Sunday, December 24, 2017

This Week's Sermon: "Angels," Genesis 18:1-10

Genesis 18:1-10

The Lord appeared to Abraham at the oaks of Mamre while he sat at the entrance of his tent in the day’s heat. 2 He looked up and suddenly saw three men standing near him. As soon as he saw them, he ran from his tent entrance to greet them and bowed deeply. 3 He said, “Sirs, if you would be so kind, don’t just pass by your servant. 4 Let a little water be brought so you may wash your feet and refresh yourselves under the tree. 5 Let me offer you a little bread so you will feel stronger, and after that you may leave your servant and go on your way—since you have visited your servant.” They responded, “Fine. Do just as you have said.”

6 So Abraham hurried to Sarah at his tent and said, “Hurry! Knead three seahs of the finest flour and make some baked goods!” 7 Abraham ran to the cattle, took a healthy young calf, and gave it to a young servant, who prepared it quickly. 8 Then Abraham took butter, milk, and the calf that had been prepared, put the food in front of them, and stood under the tree near them as they ate. 9 They said to him, “Where’s your wife Sarah?” And he said, “Right here in the tent.” 10 Then one of the men said, “I will definitely return to you about this time next year. Then your wife Sarah will have a son!” (Common English Bible)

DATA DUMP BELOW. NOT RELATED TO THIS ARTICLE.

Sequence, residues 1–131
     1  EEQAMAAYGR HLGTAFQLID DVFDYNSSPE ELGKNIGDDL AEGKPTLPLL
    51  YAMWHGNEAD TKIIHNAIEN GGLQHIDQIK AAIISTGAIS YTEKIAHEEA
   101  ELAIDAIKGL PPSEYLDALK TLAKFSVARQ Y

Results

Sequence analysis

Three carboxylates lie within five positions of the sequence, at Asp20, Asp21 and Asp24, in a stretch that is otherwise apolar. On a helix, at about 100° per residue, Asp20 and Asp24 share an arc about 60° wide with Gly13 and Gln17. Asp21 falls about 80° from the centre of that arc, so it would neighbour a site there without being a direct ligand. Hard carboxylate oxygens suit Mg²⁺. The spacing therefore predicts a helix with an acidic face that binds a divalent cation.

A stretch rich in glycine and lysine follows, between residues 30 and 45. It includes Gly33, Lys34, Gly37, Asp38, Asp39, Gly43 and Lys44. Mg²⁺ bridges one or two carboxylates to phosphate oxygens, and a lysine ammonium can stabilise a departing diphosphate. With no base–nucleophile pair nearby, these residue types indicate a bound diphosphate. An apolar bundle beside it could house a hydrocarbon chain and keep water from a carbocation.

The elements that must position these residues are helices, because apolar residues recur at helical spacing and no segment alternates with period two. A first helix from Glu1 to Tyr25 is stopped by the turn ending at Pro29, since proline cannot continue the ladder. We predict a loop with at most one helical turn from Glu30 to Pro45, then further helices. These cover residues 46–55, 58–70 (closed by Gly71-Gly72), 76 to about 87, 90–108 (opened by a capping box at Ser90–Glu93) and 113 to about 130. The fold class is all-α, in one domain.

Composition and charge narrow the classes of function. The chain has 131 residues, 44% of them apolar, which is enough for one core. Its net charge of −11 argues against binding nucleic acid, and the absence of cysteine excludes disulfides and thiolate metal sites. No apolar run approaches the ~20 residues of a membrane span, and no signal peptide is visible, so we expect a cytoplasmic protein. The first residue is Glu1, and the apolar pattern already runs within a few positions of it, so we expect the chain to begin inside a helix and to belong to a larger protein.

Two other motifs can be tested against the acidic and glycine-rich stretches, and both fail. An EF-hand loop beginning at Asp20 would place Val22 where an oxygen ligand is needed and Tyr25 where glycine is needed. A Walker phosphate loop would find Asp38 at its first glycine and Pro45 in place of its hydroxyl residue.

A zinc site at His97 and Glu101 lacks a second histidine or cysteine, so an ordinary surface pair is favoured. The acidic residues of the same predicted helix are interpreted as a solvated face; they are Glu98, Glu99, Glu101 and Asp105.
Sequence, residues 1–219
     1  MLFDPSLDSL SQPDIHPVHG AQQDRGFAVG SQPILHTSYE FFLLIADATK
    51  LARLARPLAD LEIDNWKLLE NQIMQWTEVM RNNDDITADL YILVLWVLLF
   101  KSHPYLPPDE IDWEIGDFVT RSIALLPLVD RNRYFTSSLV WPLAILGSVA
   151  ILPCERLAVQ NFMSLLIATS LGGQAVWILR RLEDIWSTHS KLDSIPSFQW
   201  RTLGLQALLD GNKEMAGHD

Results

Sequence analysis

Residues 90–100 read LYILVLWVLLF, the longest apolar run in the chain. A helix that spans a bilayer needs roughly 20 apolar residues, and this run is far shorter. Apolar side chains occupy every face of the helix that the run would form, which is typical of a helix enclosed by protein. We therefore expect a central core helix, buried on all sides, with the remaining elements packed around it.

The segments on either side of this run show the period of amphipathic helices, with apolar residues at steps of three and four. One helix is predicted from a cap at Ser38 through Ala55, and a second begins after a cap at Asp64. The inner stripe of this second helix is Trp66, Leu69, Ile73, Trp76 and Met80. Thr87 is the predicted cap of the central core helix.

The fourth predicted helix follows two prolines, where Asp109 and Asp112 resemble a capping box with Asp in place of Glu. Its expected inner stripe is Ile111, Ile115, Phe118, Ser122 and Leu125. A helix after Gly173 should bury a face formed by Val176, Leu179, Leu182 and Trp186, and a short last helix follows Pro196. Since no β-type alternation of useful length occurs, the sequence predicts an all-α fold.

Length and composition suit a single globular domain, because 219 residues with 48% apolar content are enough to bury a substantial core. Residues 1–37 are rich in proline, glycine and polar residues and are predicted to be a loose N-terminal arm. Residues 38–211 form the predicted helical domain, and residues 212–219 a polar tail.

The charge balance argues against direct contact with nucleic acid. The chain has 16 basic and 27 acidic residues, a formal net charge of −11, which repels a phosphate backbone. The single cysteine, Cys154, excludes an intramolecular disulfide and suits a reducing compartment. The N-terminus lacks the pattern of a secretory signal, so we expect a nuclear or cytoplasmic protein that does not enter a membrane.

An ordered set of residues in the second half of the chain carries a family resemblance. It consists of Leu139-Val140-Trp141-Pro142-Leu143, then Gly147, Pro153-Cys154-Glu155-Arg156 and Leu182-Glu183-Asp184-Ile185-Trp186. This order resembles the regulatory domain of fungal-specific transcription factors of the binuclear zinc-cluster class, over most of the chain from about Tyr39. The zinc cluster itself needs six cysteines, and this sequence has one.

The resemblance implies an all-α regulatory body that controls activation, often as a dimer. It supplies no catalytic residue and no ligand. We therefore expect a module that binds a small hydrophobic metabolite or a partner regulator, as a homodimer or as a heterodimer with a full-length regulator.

“Escape Routes: How the Christmas Story Points Us Forward,” Week Four

I am sure many, if not most or all, of you remember the terrorist attack on the Portland MAX train earlier this year, when a white supremacist harassed a pair of young women of color, one of them Muslim, and a group of men intervened, and the white supremacist stabbed two of them to death and severely wounded the third.

The outpouring of support—not just emotional or spiritual, but also financial—to the families of the two murdered men, Taliesin Myrrdin Namkai-Meche and Rick Best, for funeral expenses and family obligations was heartening and faith-inspiring to behold. Literally over one million dollars was raised in their names. But that fundraising lagged far behind aid for the two teenaged women whose harassment had sparked the entire episode of violence.